reports we see are monthly and are received two weeks after the end of a period. Yet we consider them the best source of data that can be acted on, and we base tactics and behaviors on these reports.

In today's warp-speed environment, when the life cycle of a sneaker product is six weeks, acting on month-old information is simply not fast enough. It lets a full month to go by before mid-course corrections can be made, trends reversed or reinforced, and timely recognition given to major accomplishments.

Having recently moved to California, I have learned lessons from members of my own new management team about how to "manage currently." The light-speed pace of change in Silicon Valley and across California has permeated even bank management practices.

Managing currently involves managing to the moment, to the hour. The time unit is not a month or a week but a day or an hour. There is tremendous value in this approach for many reasons.

It validates a great sense of urgency. It facilitates instant gratification and recognition for a job well done (and we all know that the closer recognition is to the event, the more effective it is). It lets only a few hours pass before errors are corrected, minimizing the waste of time on unproductive activities.

The quick decision-making pace permits much testing, since trial-and-error is not as costly when it happens over a very short period. Managing currently brings management and the field closer together, creates intensity and excitement, and improves the content, clarity, and frequency of communication.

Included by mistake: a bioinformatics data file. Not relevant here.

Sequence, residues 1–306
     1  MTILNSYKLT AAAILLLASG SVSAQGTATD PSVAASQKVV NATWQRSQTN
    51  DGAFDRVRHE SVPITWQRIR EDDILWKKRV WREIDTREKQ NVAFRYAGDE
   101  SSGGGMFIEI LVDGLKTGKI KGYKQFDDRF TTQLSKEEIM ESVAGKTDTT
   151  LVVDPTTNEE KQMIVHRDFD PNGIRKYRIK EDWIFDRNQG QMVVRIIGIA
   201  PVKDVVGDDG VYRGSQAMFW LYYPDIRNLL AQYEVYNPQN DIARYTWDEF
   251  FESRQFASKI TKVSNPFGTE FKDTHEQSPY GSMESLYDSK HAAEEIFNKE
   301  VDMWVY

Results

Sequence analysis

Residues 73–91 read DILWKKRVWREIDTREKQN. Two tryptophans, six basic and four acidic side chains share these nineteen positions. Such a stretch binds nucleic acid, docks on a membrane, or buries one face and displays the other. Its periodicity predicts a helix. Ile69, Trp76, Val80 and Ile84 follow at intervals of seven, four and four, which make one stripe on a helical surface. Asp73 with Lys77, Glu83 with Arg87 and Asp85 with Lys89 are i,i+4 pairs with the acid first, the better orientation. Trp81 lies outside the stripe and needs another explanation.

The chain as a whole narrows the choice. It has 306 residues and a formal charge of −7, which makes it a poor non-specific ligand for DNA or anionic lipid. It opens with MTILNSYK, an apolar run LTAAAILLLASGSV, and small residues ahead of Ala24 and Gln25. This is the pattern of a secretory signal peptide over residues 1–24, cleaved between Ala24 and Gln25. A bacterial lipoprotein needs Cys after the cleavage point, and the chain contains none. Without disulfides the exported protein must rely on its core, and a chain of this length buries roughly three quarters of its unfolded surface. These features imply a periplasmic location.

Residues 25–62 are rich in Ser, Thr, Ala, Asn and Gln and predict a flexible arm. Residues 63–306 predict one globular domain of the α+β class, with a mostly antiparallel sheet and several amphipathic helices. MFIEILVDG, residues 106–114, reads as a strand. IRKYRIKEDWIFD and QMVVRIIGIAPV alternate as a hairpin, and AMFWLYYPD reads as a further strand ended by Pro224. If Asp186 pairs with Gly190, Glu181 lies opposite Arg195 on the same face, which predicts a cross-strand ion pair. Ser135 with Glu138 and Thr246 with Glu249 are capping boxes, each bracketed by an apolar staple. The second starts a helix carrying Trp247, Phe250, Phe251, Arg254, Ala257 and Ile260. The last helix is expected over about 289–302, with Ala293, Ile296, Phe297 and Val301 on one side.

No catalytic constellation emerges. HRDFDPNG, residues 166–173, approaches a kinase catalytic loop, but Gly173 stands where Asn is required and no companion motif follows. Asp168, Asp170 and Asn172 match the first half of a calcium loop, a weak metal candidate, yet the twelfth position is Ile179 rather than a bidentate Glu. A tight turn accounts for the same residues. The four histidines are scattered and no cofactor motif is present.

How does this all get executed? By asking managers to report results on key parameters every two or three hours at the least, using pagers and voice mail. Managers report to their supervisors or team leaders at 9 a.m., noon, 2 p.m. and 5 p.m. on the results of the day, on behavioral measures (such as profit per banker), and specific result categories (such as loan production).

I know what you are thinking: This onerous reporting must be deeply resented by the troops and must be extremely time-consuming. In fact, people seek the feedback and thrive on it.

Frequent reporting works extremely well as long as management acts on it and gives feedback. If management does not respond quickly, this becomes an exercise in frustration and can be perceived as a lack of caring.

But if management responds to reported information with either positive or negative feedback in a timely fashion, the troops are energized and inspired. They get valuable validation and reinforcement several times a day.

The result of this management style is a highly nimble organization. Regardless of its size, an organization that is managed currently can respond quickly and turn on a dime. In today's world, this can mean a significant and sustainable competitive advantage.

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